Best of Breast: news for week ending 31 October 2014

New developments in Breast Cancer and Cancer from Google Alerts, for the week ending 31 October 2014.

We’re used to thinking of arsenic as a poison, so it comes as a surprise that arsenic in drinking water in a region in Chile has been linked to 50% lower deaths from breast cancer.

In case you were wondering where you can get hold of some arsenic, you don’t have to look any further than your supermarket:  according to a UK study, more than half the rice products in the EU exceed child safety limits for arsenic!

Talk about cereal killers!

lead_arsenic_poisoning

1.  Arsenic in drinking water linked to fewer breast cancer deaths

http://newscenter.berkeley.edu/2014/10/28/arsenic-drinking-water-breast-cancer/

  • A new study has linked arsenic to a 50 percent drop in breast cancer deaths.
  • The study presents results of breast cancer mortality data from a region in Chile where residents were inadvertently exposed to high levels of arsenic, a naturally occurring element found in many minerals.
  • Instead of an increase in mortality, as with many other cancer sites, the study found that breast cancer deaths were cut in half during the period that coincided with high arsenic exposure.
  • The effect was more pronounced among women under age 60, with mortality in these women reduced by 70 percent.

For more information:  EBioMedicine, DOI: 10.1016/j.ebiom.2014.10.005, Rapid Reduction in Breast Cancer Mortality with Inorganic Arsenic in Drinking Water

arsenic cereal story

image credit: dailymail.co.uk

2.  More than half of rice products including Rice Krispies and Heinz baby rice exceed new EU limits for ARSENIC

http://www.dailymail.co.uk/news/article-2817542/More-half-rice-products-exceed-new-EU-limits-ARSENIC.html

  • Experts warn some popular rice products contain high levels of arsenic
  • Channel 4’s Dispatches, Rice: How Safe is our Food? (which will be broadcast on Monday night) tested 81 different products with the Institute for Global Food Security at Queen’s University Belfast.
  • Tests found 58% exceeded new recommended arsenic limits for children
  • Scientists say high levels over time could lead to cancer or heart disease
  • People in Britain consume five times more rice today than 40 years ago
  • Organic original puffed rice cereal by Kallo Foods was found to have 323 parts of arsenic per billion (ppb) while Organic wholegrain baby rice by Organix was found to have 268 ppb  – 168 per cent above recommended levels for babies and children.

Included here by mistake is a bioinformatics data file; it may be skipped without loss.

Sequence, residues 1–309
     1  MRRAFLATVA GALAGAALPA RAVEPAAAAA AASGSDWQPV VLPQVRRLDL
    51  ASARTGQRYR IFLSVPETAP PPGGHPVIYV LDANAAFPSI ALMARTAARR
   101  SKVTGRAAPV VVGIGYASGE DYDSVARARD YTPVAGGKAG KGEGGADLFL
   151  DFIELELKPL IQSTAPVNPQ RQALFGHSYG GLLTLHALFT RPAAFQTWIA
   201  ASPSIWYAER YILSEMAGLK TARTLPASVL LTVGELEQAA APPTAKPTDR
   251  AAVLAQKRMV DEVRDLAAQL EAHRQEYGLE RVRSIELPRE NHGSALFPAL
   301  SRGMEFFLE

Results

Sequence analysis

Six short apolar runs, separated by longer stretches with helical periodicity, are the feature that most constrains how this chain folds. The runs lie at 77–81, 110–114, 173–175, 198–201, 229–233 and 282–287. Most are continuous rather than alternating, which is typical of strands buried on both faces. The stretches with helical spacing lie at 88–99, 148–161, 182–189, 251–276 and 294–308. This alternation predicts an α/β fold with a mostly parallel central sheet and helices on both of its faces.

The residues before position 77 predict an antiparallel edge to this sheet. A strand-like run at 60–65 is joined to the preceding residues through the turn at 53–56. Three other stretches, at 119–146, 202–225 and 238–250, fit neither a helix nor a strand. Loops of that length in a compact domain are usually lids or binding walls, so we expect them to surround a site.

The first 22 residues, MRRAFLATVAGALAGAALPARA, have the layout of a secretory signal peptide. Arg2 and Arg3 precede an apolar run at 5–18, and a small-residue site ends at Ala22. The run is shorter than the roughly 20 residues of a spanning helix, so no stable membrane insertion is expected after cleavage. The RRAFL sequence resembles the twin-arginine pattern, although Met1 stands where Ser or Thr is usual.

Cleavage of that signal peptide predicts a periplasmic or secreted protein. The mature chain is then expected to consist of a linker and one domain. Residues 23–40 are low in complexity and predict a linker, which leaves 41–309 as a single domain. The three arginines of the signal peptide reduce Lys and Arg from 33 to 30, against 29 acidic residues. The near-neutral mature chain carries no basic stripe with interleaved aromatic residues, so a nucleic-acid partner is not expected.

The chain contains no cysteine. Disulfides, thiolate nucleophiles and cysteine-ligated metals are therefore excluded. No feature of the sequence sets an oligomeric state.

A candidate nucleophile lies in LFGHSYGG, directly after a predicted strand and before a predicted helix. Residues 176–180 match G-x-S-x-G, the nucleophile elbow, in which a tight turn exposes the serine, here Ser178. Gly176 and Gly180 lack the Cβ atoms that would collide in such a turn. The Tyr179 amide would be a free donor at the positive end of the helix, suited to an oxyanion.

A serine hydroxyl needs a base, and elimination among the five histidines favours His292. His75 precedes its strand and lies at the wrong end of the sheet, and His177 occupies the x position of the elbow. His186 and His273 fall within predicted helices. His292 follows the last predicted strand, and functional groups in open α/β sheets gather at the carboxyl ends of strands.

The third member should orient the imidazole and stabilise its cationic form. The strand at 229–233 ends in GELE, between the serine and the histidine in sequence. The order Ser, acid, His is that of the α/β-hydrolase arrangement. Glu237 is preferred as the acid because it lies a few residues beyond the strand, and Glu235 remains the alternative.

• Rice Krispies by Kelloggs were found to have 188 ppb, far above the recommended levels for babies and children.
  • Baby organic rice cakes by Boots were found to be 162 ppb, and Organic wholegrain banana porridge by Organix at 142 ppb.

3.  Google Developing a Pill That Would Detect Cancer and Other Diseases

http://www.wired.com/2014/10/google-developing-pill-detect-cancer-diseases/

  • Google is attempting to develop a pill that would send microscopic particles into the bloodstream in an effort to identify cancers, imminent heart attacks, and other diseases.
  • The company is fashioning nanoparticles—particles about one billionth of a meter in width—that combine a magnetic material with antibodies or proteins that can attach to and detect other molecules inside the body.
  • The idea is that patients will swallow a pill that contains these particles, and after they enter the bloodstream—attempting to identify molecules that would indicate certain health problems—a wearable device could use their magnetic cores to gather them back together and read what they’ve found.

4.  War on cancer is stalling because pharmaceutical firms only create drugs they know will make a profit, leading scientist claims

http://www.dailymail.co.uk/health/article-2806496/War-cancer-stalling-pharmaceutical-firms-create-drugs-know-make-profit-leading-scientist-claims.html#ixzz3I2vuANxM

  • Paul Workman is chief executive of Institute of Cancer Research in London
  • Says despite huge advances in understanding cancer, drugs are still lacking
  • Claims theoretical scientists have identified 500 cancer-related proteins which could be attacked by drugs – but only 5 per cent of these treatments have so far been developed.
  • Argues finance is the problem, with companies putting profits first
  • Should be given incentives to develop treatments for rarer cancers
  • Calls for more targeted and smaller clinical trials that will reduce the initial outlay, and sharing the cost and risk of trials between universities and companies
ArtificialTurf

image credit: landscapeonline.com

5.  Is Synthetic Turf Giving Athletes Cancer?

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